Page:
"So, you know, I had a great time these couple weeks on and off the golf course as I always do, but I'm also really excited to kind of get out of town and kind of be able to just go back to the room and have nothing to do at night except for get ready to play the next day."


Full-field scores from the Fort Worth Invitational

Fort Worth Invitational: Articles, photos and videos


Spieth will have that experience this coming week in Dublin, Ohio, site of the Memorial. He's hopeful of improving on his T-21, T-32 finishes the past two weeks, and he thinks the main thing holding him back - his putting - is ready for a turnaround.

"I think good things are about to come," he said. "I feel a good run coming for the second half of the season. Today was - each day I've felt better and better with the wedges and the putter and the short game; today was no different. My only bogey being just kind of trying to do too much on a par-5; 3-wood into the hazard.

"So, you know, I'm getting into where I'm not making bogeys, and then soon - the not making bogeys is great, and soon I'll get back to the five, six birdies around and shoot some low rounds.

"So I know it's right around the corner."

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Broadhurst fires 63 to easily win Senior PGA

By Associated PressMay 27, 2018, 10:45 pm

BENTON HARBOR, Mich. – Paul Broadhurst wishes he had played this well in his 23 years on the European Tour.

''I know a lot more about my swing now and I guess you get that with age and experience,'' the 52-year-old Englishman said after shooting an 8-under 63 on Sunday to win the Senior PGA Championship by four strokes and match the best 72-hole score in tournament history.

Broadhurst finished at 19-under 265 at Harbor Shores for his second senior major victory. The 63 was the best fourth-round score by a winner. Rocco Mediate also shot 19 under at Harbor Shores in 2016.

Also the 2016 British Senior Open winner, Broadhurst led the field with 26 birdies and passed third-round co-leaders Tim Petrovic and Mark McCarron with a 4-under 31 on the back nine.

Petrovic was second after a 69. McCarron had a 70 to tie for third at 14 under with Jerry Kelly (65).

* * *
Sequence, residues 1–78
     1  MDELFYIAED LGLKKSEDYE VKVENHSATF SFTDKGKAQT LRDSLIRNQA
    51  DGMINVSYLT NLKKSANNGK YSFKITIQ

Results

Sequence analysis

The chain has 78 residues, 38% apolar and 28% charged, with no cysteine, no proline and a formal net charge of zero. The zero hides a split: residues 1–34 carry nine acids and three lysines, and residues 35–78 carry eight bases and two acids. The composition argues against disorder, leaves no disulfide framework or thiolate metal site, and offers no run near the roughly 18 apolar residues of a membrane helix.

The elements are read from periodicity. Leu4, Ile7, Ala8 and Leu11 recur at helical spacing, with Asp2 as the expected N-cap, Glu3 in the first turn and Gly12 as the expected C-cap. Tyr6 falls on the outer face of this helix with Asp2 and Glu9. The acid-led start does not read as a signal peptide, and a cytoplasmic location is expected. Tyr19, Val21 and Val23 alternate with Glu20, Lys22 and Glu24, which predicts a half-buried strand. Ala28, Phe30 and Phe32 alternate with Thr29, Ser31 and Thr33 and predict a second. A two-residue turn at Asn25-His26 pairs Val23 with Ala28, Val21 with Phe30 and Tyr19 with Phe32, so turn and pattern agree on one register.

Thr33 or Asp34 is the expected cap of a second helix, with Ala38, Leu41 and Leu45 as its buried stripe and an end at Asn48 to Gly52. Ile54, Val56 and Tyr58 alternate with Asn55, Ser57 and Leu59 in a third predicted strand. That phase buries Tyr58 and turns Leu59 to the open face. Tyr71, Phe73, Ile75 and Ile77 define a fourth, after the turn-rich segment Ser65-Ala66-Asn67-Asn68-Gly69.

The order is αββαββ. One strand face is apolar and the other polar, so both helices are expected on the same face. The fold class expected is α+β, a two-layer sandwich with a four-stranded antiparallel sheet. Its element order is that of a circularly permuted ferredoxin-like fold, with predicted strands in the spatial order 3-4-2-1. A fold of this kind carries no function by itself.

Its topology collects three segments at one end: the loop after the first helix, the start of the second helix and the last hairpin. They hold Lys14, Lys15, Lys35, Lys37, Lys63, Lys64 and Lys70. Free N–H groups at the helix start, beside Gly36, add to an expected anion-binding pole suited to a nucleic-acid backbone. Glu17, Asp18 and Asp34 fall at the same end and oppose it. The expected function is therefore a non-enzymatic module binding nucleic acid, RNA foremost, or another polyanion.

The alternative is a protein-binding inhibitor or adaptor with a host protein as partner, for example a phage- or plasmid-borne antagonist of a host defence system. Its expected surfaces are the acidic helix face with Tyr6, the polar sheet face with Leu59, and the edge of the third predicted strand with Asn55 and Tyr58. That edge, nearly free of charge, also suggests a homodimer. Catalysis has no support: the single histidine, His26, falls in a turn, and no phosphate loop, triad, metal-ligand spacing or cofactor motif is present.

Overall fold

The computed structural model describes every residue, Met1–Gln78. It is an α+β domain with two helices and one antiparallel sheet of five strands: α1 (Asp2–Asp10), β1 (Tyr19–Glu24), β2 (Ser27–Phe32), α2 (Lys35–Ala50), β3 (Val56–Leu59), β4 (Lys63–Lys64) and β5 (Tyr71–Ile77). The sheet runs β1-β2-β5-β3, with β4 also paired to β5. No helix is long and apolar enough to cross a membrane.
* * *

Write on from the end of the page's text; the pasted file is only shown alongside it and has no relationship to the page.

Full-field scores from the KitchenAid Senior PGA Championship


Broadhurst earned a career-high $585,000 for his fourth PGA Tour Champions victory and moved to the top of the money list. He won six times on the European Tour, was a 1991 Ryder Cup player for Europe and has three European Senior Tour victories.

''It was really a special week,'' he said. ''It got a little bit tense out there. I knew I was playing well but I didn't seem to making any progress against Tim Petrovic. He was side-by-side on the back nine it seemed.''

He learned his lead was three strokes standing on the 18th tee when his caddie asked a television announcer.

''So we put my driver away and reached for the rescue club,'' he said. ''If I made a 5 there that would be fine.''

Broadhurst started the round two strokes behind Petrovic and McCarron, birdied the first hole and was tied with Petrovic for the lead by the turn. He took his first lead with a birdie on the 12th hole, led by two after 16 and birdied the final two holes, including a dramatic 40-foot putt for birdie at the 18th hole.

''I guess it would have been a bit of anti-climax if I would have three-putted the last green, but that would have given Tim a chance of holing his second shot,'' he said. ''I actually spoke to my caddie about that going down the last - we don't want to three-putt and five him the opportunity because stranger things have happened in golf. To see it go in the middle of the hole was just a special feeling.''

Petrovic said missed birdie putts on Nos. 7 and 8 were costly, but it might not have mattered with the way Broadhurst was playing.

''In hindsight it was all for naught,'' he said. ''He was so far ahead of us. Hat's off the guy. It was a great week - we just got beat. When he made the putt on 18 ahead of us I almost started clapping in the fairway and waving a white towel. It was well-deserved. That was great playing. He won the championship for sure.''

Broadhurst shot 72 in the first round, started rolling in putts with a 66 in the second round and was 15 under on the weekend. In addition to the leading 26 birdies, he topped the putts per greens in regulations numbers for the tournament as well with a 1.574 average.

''I wasn't aware I made that many birdies,'' he said. ''That's pretty impressive around this course.''

He said his game has long been unpredictable.

''I'm not blessed with a consistent swing like Bernhard Langer, but when it's on, it works,'' he said. ''If I'm putting well, then anything can happen, really.''